WASHINGTON—The U.S. State Department has delivered a stinging criticism of China for its repatriation of North Koreans found in its territory, and for preventing defectors from gaining access to the United Nations refugee agency.
"China refused (and continues to refuse) to abide by its obligations as a party to the 1951 Convention relating to the Status of Refugees," said the report, which was submitted to Congress under the terms of the U.S.'s North Korea human rights legislation passed in 2004.
What's more, Beijing has consistently failed to abide by a 1967 protocol requiring it to grant UNHCR access to North Koreans who seek asylum in China and to permit screenings of persons asserting a need for protection, the report said.
As many as 300,000 North Koreans are believed by defector groups to be living clandestinely in China. Small groups of defectors frequently storm foreign embassies and other buildings, and Beijing has allowed several dozen North Koreans to leave for a third country in this way, ostensibly for health reasons.
Beijing regards North Koreans who cross the border illegally as economic migrants, and frequently repatriates them under an agreement with Pyongyang.
However, the State Department estimated the number of North Koreans in China at between 30,000 and 50,000, while it recognized that non-governmental groups said the numbers were much higher. It said improved economic conditions in North Korea had contributed to a fall in defector numbers, which had peaked in the late 1990s.
But it said the pressure on defectors had been heightened by the Chinese authorities' attitude. "While North Koreans were previously seen walking through Chinese cities, today most remain in hiding for fear of being deported," it said.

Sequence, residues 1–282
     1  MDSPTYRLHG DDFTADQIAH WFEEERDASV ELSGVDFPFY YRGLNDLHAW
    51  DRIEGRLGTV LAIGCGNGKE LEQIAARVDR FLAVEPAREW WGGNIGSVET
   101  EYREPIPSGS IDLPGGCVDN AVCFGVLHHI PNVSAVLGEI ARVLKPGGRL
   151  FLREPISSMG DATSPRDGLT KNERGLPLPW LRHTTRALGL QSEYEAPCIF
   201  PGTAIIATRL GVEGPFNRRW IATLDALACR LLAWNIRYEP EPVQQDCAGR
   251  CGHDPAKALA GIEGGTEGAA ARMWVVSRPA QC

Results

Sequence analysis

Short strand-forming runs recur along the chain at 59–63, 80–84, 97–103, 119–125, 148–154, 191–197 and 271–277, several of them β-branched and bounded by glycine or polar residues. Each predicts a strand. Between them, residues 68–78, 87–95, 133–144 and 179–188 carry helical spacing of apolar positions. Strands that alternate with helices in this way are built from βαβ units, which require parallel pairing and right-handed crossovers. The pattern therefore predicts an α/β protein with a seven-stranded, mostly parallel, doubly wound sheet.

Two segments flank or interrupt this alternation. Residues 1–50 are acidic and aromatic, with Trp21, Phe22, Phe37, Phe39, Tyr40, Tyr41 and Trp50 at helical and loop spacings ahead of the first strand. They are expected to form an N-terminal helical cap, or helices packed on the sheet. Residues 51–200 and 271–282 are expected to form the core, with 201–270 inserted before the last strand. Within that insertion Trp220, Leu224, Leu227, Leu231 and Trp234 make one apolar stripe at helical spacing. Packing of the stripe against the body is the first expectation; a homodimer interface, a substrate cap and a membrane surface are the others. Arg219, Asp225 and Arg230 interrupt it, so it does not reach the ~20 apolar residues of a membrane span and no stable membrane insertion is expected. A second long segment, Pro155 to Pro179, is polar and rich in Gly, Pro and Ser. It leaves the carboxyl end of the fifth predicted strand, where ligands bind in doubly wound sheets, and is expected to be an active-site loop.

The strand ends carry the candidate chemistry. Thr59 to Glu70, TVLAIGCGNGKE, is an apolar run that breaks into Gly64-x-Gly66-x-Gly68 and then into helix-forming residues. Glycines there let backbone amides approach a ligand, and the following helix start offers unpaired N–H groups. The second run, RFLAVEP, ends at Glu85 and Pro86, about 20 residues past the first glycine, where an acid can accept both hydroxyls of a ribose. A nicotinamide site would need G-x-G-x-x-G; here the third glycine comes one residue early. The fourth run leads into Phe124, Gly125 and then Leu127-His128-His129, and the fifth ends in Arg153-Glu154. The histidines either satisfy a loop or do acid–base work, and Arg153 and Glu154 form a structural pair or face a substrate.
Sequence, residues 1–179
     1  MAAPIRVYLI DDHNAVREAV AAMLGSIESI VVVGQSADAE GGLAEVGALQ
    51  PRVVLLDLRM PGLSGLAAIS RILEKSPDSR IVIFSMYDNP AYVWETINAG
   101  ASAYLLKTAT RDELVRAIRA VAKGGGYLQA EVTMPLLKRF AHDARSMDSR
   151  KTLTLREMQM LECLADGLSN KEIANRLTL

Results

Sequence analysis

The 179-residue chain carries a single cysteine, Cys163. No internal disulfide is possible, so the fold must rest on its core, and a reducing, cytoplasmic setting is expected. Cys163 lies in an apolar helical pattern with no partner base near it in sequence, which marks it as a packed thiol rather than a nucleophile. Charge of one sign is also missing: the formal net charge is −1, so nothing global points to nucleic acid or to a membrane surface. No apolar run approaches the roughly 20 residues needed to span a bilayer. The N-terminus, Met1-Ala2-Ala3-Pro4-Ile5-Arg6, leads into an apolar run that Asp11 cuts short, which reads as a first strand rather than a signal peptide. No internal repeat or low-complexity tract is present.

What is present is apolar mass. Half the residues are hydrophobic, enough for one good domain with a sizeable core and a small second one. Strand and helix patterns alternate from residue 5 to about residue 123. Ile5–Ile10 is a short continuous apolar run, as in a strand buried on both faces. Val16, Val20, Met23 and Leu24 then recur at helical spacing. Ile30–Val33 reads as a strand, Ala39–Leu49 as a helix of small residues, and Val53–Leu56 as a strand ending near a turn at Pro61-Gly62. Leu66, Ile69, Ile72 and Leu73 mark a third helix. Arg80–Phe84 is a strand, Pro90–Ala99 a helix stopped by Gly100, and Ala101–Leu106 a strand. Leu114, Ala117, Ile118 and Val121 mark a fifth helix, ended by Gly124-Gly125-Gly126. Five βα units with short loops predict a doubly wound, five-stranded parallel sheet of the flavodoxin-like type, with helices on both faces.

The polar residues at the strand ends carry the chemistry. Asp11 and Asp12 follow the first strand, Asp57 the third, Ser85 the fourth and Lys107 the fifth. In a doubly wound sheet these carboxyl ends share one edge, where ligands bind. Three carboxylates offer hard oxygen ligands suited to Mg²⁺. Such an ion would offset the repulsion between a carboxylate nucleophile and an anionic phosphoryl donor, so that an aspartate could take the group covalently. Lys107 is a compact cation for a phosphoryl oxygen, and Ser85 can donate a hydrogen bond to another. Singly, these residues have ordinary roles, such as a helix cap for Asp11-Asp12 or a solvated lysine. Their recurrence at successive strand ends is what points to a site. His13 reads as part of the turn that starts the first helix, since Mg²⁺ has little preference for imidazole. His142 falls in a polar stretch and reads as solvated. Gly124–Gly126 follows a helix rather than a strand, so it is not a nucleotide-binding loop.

While China appeared to have stepped up monitoring of North Koreans within its borders following the North Korea Human Rights Act in October 2004, many North Koreans still managed to cross back and forth for work, food and to trade goods, it said.
"There are reliable reports that North Korean women have been trafficked into northeastern China as brides or to work in the sex trade," the report said.
The State Department’s 2004 Human Rights Report on China says that several thousand North Koreans were reportedly detained and forcibly returned to North Korea in 2004, where many faced persecution. Some of those repatriated may have been executed upon their return.
The report said Beijing was still largely to blame for forced repatriations and denial of the rights of North Koreans as refugees.
"China denies North Koreans access to UNHCR personnel. North Koreans cannot easily access UNHCR’s office in China because of China’s extensive security presence there. China will not permit UNHCR staff to travel to northeast China," it said.
It said that no North Koreans had been resettled in the United States under existing refugee admissions programs in the past five years. Only nine North Korean refugees have been awarded politicial asylum in the United States since 2002. It cautioned North Korean refugees against trying to break into U.S. buildings and diplomatic missions overseas, however.
"We will continue to work with South Korea, other governments and international organizations to develop the appropriate mechanisms to allow the resettlement of some North Korean nationals in the United States as refugees," the report said.
North Korea executed around 60 defectors in January in a bid to discourage others from seeking political asylum in South Korea, according to a North Korean defector group.
"North Korea executed in public eight to nine North Korean defectors sent back to Chongjin City, North Hamgyeong Province, from China in mid-January in an effort to prevent North Koreans from fleeing," the Seoul-based Headquarters for Protection of North Korean Defectors said in a recent statement.
A total of about 60 North Korean defectors were executed in various detention centers throughout North Korea at a similar time, the group said.
Some reports said those executed were specifically those who had tried unsuccessfully to break into foreign missions in China with the help of South Korean Christian missionaries.
North Korea recently tightened security along its border with China to check North Koreans making their way into China with bribes to border guards, according to defector sources.